« November 2006 Table of Contents
Demand remains strong, but the uncertainty of Mother
Nature and increased fuel costs make pricing
By Marianne Deward
November 01, 2006
Despite continued weather disruptions and increased fuel
prices worldwide, the yellowfin tuna market remained relatively
steady throughout 2006. Next year may be harder to predict,
U.S. yellowfin imports for the first six months of 2006 were
at 14,342 metric tons, up slightly from 14,095 metric tons
during the same period in 2005. The 23,066 metric tons imported
in 2005 was up a bit from 2004's total of 21,412 metric
Some of the largest producers are Vietnam, the Philippines,
Thailand, Indonesia, Mexico, Venezuela, Ecuador, Costa Rica,
Panama, Colombia, Spain and Italy.
While many factors can affect pricing, weather has always
played a big role; major storms send boats in, and good weather
keeps them out. Water temperature also has an effect on
landings. For the U.S. Gulf fleet, 2006 has been a year of
picking up the pieces after 2005's hurricanes wreaked havoc
with the fishery.
"Almost 90 percent of the Gulf fleet was immobilized after
hurricanes Katrina and Rita," says Phil Rush, VP of sales for
Jensen Tuna in Louisiana. "Many workers lived on their boats,
because their homes were destroyed, while others couldn't work
because they were dealing with insurance and clean-up
logistics. There were four to six months with no fishing.
"Only since this July has our production level of yellowfin
gotten back to normal. Barring any more major storms, 2007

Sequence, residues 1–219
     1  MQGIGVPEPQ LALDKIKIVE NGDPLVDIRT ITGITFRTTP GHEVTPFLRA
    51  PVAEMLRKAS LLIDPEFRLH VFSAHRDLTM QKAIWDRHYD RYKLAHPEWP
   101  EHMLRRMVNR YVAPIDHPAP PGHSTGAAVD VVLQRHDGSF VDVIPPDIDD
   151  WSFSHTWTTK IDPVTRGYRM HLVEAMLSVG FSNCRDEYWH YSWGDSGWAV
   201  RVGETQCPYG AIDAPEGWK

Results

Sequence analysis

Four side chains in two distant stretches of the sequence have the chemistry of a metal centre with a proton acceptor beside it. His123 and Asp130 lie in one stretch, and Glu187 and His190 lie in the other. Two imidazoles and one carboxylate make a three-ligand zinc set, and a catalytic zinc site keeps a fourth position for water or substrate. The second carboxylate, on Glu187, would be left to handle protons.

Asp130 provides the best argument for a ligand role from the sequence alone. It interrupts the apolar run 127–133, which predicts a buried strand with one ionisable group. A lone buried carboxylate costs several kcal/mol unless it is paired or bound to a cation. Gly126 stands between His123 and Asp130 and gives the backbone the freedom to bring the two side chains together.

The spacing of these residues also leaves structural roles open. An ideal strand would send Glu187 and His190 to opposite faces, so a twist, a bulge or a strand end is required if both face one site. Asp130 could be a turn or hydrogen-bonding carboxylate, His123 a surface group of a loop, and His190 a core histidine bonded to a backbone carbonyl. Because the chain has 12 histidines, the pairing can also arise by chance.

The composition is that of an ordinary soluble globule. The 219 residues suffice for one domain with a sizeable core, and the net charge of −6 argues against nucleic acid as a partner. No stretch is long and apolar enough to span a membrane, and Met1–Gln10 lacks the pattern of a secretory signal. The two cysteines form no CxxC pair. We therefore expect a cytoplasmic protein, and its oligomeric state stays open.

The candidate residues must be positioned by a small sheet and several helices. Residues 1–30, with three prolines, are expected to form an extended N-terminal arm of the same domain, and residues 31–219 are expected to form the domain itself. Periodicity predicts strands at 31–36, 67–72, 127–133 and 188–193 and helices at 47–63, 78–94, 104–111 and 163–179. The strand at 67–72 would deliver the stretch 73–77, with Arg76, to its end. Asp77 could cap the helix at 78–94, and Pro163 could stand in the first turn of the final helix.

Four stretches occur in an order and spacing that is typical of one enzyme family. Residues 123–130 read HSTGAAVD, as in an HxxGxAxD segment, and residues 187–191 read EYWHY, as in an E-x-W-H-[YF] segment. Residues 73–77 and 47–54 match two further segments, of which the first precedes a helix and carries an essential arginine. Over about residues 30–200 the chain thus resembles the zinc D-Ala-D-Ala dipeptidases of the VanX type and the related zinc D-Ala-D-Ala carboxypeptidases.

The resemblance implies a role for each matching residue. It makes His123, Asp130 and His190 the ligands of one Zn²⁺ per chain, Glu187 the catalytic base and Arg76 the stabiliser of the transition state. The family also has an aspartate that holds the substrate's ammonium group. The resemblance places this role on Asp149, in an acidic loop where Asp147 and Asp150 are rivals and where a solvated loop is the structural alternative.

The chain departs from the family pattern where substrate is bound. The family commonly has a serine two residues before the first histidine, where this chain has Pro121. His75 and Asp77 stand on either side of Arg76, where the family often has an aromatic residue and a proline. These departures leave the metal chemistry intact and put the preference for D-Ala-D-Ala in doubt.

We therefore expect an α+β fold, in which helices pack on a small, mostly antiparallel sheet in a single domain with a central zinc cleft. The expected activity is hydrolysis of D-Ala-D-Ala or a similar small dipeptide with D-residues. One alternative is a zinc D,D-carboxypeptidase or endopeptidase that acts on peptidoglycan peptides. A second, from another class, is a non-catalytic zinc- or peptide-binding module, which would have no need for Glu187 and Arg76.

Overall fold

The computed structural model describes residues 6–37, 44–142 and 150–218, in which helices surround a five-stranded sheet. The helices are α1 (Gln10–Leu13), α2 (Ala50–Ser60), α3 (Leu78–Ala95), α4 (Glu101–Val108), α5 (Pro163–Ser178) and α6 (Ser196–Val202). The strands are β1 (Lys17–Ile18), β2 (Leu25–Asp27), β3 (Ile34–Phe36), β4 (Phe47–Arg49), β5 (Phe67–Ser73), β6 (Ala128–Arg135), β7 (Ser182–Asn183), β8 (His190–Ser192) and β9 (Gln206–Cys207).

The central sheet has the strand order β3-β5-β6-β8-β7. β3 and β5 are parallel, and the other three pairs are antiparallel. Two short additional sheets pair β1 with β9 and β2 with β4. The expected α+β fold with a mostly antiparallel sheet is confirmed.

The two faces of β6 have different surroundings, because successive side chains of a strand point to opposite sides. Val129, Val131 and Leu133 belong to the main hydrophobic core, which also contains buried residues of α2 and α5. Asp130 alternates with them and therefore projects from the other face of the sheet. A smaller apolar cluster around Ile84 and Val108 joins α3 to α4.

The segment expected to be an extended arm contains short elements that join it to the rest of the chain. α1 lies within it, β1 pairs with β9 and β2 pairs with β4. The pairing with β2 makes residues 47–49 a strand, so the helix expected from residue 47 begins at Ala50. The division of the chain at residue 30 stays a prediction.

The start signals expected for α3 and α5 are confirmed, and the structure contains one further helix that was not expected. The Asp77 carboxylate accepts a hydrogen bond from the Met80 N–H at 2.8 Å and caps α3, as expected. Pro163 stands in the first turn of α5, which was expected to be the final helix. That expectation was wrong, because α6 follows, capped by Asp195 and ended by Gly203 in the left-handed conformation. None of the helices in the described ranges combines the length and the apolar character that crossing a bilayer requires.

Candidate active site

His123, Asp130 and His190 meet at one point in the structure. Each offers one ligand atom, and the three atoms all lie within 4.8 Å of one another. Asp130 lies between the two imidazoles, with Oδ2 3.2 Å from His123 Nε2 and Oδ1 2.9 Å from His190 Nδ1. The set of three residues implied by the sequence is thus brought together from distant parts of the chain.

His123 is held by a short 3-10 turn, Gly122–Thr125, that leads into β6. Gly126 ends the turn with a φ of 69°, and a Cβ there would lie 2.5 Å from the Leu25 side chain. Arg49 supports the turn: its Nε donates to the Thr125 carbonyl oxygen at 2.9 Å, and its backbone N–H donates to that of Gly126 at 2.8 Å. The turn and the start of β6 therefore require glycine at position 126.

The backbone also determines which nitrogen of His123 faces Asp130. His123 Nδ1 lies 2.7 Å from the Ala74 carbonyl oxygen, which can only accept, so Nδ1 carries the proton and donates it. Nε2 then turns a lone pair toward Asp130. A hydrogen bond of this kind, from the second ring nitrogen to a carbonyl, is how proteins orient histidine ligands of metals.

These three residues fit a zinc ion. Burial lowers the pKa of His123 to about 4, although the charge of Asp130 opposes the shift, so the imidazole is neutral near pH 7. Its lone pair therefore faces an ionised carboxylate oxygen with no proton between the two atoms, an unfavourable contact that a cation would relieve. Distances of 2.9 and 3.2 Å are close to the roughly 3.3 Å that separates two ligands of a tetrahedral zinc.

should be a better year."
Following Hurricane Katrina, Rush resorted to importing 70
to 80 percent of his fresh tuna from Vietnam to fill the
void."That's now swinging back to a normal level," he says.
"We're getting closer to importing only 60 percent from Vietnam
during the peak season and getting the rest from the Gulf."
Fresh and frozen yellowfin is available year-round due to
differing seasons worldwide. For example, the peak season for
fresh tuna from Vietnam is typically September through March,
whereas Panama's peak is January through July.
Given all the variables, knowing exactly when and where to
buy yellowfin is a challenge, says Tim Lycke, president of
Incredible Fresh in Miami, which attributes approximately 35
percent of its business to fresh yellowfin.
"We moved a lot of tuna this year, and sometimes we just
couldn't get enough," says Lycke. "This year yellowfin was one
of our better money makers, with eight out of 10 of our
customers ordering it. Knowing the seasons, and how weather and
fuel are effecting those seasons, is critical."
With fresh tuna, the bigger the fish, the higher the price.
For 60-pounders and up, prices were down a bit from last year's
range of $7.75 to $8, going from a low of $5.75 up to a high of
$7.25 this year. The 2+ grade held at $5 to $5.50. Prices for
40-60-pound fish remained at $4.75.
As fuel costs rose and fell in 2006, so did yellowfin tuna
"Prices [for fresh tuna] are very much like a roller
coaster," says Lycke. "Though it's come down a bit from last
year, I can't see the price of yellowfin dropping under $4 next
"When it comes to prices, there are too many variables,
which is why it's so hard to forecast for 2007," adds Rush.
"Our costs have doubled or tripled in the past six years